AbstractBackground: Between September 2012 and 22 October 2013, 144 laboratory-confirmed and 17 probable MERS-CoV cases from nine countries were notified to WHO.
Methods: We summarize what is known about the epidemiology, virology, phylogeny and emergence of MERS-CoV to inform public health policies.
Results: The median age of patients (n=161) was 50 years (range 14 months to 94 years), 64.5% were male and 63.4% experienced severe respiratory disease. 76.0% of patients were reported to have ≥1 underlying medical condition and fatal cases, compared to recovered or asymptomatic cases were more likely to have an underlying condition (86.8% vs. 42.4%, p<0.001). Analysis of genetic sequence data suggests multiple independent introductions into human populations and modelled estimates using epidemiologic and genetic data suggest R0 is <1, though the upper range of estimates may exceed 1. Index/sporadic cases (cases with no epidemiologic-link to other cases) were more likely to be older (median 59.0 years vs. 43.0 years, p<0.001) compared to secondary cases, although these proportions have declined over time. 80.9% vs. 67.2% of index/sporadic and secondary cases, respectively, reported ≥1 underlying condition. Clinical presentation ranges from asymptomatic to severe pneumonia with acute respiratory distress syndrome and multi-organ failure. Nearly all symptomatic patients presented with respiratory symptoms and 1/3 of patients also had gastrointestinal symptoms.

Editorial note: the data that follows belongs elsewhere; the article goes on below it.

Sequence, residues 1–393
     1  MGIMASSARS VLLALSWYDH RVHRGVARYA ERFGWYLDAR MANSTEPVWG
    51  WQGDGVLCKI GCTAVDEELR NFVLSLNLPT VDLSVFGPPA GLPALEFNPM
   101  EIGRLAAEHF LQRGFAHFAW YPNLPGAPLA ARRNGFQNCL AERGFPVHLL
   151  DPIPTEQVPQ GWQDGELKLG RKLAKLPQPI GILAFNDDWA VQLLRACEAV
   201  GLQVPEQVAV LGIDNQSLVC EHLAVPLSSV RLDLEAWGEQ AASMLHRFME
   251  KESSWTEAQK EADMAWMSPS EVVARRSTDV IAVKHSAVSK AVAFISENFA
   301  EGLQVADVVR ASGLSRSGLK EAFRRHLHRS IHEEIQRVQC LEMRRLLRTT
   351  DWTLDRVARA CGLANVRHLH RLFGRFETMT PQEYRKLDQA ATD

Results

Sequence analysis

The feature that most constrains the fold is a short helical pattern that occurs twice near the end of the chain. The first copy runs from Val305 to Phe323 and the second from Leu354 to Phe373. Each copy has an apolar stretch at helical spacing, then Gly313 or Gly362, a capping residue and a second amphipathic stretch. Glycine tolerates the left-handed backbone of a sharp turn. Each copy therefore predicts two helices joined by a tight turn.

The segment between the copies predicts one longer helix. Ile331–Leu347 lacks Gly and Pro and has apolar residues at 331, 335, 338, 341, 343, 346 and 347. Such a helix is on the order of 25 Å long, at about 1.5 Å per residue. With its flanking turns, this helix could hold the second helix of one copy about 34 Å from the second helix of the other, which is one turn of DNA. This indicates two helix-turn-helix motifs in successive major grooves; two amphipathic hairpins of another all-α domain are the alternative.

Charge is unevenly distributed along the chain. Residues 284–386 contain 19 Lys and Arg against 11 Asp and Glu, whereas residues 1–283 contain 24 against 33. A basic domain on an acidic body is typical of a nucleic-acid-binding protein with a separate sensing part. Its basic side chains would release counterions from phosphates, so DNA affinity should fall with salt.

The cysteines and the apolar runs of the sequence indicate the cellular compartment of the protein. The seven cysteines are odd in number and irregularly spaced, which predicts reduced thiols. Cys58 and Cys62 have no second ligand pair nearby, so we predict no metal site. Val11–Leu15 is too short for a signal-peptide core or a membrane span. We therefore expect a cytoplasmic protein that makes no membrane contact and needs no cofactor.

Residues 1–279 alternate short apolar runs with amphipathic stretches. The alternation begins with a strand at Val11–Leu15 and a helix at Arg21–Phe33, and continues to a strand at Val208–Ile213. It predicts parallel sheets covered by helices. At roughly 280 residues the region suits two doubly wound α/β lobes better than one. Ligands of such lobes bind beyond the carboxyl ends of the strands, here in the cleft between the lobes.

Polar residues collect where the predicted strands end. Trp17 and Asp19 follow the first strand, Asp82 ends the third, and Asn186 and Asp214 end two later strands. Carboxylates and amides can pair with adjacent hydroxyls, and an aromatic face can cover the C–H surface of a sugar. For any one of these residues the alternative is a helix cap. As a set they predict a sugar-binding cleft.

Conclusions: Sustained human-to-human transmission of MERS-CoV has not been observed. Outbreaks have been extinguished without overly aggressive isolation and quarantine suggesting that transmission of virus may be stopped with implementation of appropriate infection control measures.
Full Document: http://currents.plos.org/outbreaks/article/state-of-knowledge-and-data-gaps-of-middle-east-respiratory-syndrome-coronavirus-mers-cov-in-humans-2/